- Breaking up is hard. Breaking up with someone who has abused you is even harder.
- You will feel confused and traumatised for some time.
- It’s not all terrible though — distance will make you realise you’re stronger.
- Trauma doesn’t stay with you forever, and there are actually several positives from what you went through — even if you’re still hurting.
A common misconception about moving on from an abusive relationship is that the trauma stays with you for life. Even if you end up in a great relationship, you may still be lost in your old one, unable to fully let go.
In reality, this is usually simply a sign you haven’t moved on yet. Breaking up with an abusive person is hard, and it can take people months, or even years, to fully recover. But that doesn’t mean it’s impossible.
Perpetua Neo, a doctor of psychology and expert who works with women who are healing from damaging, toxic relationships, said if you sort through your pain, work out what demons you have that resulted in you being attracted to a bad person in the first place, then the magic begins.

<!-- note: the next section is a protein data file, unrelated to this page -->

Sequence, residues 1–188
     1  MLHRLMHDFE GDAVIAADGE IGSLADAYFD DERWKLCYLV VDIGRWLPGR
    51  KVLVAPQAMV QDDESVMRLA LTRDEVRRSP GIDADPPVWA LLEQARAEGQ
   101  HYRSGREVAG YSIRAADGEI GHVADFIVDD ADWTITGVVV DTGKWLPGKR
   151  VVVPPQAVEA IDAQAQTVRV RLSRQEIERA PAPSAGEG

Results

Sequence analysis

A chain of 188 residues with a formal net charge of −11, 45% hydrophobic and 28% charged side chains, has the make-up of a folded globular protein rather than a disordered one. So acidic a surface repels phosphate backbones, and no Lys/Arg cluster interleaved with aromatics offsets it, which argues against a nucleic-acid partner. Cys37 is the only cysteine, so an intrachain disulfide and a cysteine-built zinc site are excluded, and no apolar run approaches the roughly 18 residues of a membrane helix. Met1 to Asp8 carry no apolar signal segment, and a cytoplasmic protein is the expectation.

“The narcissist didn’t want you to gain anything from being with them, but actually you ended up taking everything and becoming stronger,” she told Business Insider. “One thing people I’ve worked with find is that they gain a fuller, more whole version of themselves after leaving the narcissistic ex.”
You will probably be in agony for a while, because your body has essentially been addicted to the intermittent love the abuser gave you. But in time, you will realise that you are so much stronger, resilient, and capable of finding someone who isn’t going to discard you for being you.
Here are seven lessons you can take away from the traumatic experience of loving a toxic person — and the strengths you gain from moving on: